It was a summer Saturday like all the others. I had spent the day manning my popular farmers’ market stall on the small island where I lived, selling homemade wood-fired oven bread, jams, and chutneys made from local produce to islanders and tourists. I worked hard but I loved it!
I went home that afternoon with a bit of a sore throat but decided to go out to a friend’s party anyway. It was cold that evening and we sat outside where I huddled under a blanket, shivering. We went home early and I went straight to bed with a hot water bottle and some echinacea thinking I would be fine in the morning. I woke up the next day feeling like I had the worst flu of my life… and I didn’t get out of bed for three months.
It took me almost two more years to crawl out of a fatigue so crippling that I was confined to my house most of the time. It took me another three years to feel “normal.” I would sit at home alone all day spinning dark fantasies that included lifetime confinement to a wheelchair and feeding tubes. The worst thing wasn’t the fatigue, but the digestive changes that took place. I could literally only eat white rice, vegetables and a small amount of chicken or fish. Food had been everything to me – my career and my passion, and I could no longer eat, let alone work. I felt that my life was over.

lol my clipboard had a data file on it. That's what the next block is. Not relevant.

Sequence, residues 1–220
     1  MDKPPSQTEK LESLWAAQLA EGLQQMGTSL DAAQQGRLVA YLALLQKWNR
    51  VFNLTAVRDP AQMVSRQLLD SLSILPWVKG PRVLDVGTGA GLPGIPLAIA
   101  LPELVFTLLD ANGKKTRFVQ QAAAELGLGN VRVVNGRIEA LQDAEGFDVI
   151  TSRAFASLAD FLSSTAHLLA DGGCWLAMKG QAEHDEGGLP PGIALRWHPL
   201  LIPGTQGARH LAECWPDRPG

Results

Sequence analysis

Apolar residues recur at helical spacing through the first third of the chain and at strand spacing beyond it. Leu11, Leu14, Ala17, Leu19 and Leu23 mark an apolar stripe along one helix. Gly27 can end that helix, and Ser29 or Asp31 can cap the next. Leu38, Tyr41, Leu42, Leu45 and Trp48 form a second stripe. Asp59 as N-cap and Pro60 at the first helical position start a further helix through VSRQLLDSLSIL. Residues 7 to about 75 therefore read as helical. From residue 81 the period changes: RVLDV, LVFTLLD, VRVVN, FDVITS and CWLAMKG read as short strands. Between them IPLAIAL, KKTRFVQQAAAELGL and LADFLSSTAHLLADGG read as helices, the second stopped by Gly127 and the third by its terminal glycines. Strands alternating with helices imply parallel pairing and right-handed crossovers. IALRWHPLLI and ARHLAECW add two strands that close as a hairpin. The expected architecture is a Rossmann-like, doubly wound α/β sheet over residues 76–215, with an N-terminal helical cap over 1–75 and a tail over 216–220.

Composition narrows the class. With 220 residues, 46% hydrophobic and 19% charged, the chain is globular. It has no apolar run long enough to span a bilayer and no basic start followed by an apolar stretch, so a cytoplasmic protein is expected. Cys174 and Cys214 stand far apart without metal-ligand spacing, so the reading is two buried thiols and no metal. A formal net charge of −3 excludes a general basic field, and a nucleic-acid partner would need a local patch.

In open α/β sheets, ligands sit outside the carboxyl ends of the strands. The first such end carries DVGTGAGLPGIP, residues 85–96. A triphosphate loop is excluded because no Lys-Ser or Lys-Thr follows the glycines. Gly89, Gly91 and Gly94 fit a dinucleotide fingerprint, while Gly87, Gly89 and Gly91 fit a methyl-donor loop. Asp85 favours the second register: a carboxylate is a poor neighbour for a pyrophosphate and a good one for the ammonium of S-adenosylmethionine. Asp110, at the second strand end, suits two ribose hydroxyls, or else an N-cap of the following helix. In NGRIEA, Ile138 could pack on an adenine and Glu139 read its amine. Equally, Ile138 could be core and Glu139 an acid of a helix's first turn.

The bright spots during those dark and frightening early days were the trips I made out of my house to see alternative health practitioners of every stripe. Their treatments often wouldn’t help me (and a few made me worse) but their compassion and unconditional support gave me the hope I needed to carry on. Slowly the fatigue started to lift and I began to heal. I started to wonder if it was possible for me to use what I had learned in my recovery to help others with their own health challenges but I was perplexed as to how I could do that – at 54 I didn’t relish the idea of going back to college for another four years or so. That’s when serendipity brought me to The Institute for the Psychology of Eating and I knew that I’d found my answer. The training they offered provided me with the perfect opportunity to take my love of food and cooking in a completely new and exciting direction and “pay forward” all the care and support that I had received.
I’m healthy today, in many ways healthier than I’ve ever been. When I look back on all the assistance I received from so many amazing people I realize that what helped me heal were not necessarily their “techniques” (as skilled as they were), but their kindness, their compassion, and dare I say it, their love. It doesn’t matter how you get to that crossroads in your life, whether it’s through an illness like mine, or through food and eating issues like my clients, it’s always a beautiful opportunity to make new choices and experience profound and lasting transformation. A wise friend once told me that a true healer is someone who walks alongside you and holds your hand while you heal yourself. When I hold this in my mind and my heart as I work with clients I know that extraordinary things are possible.TheDeliciousPath.com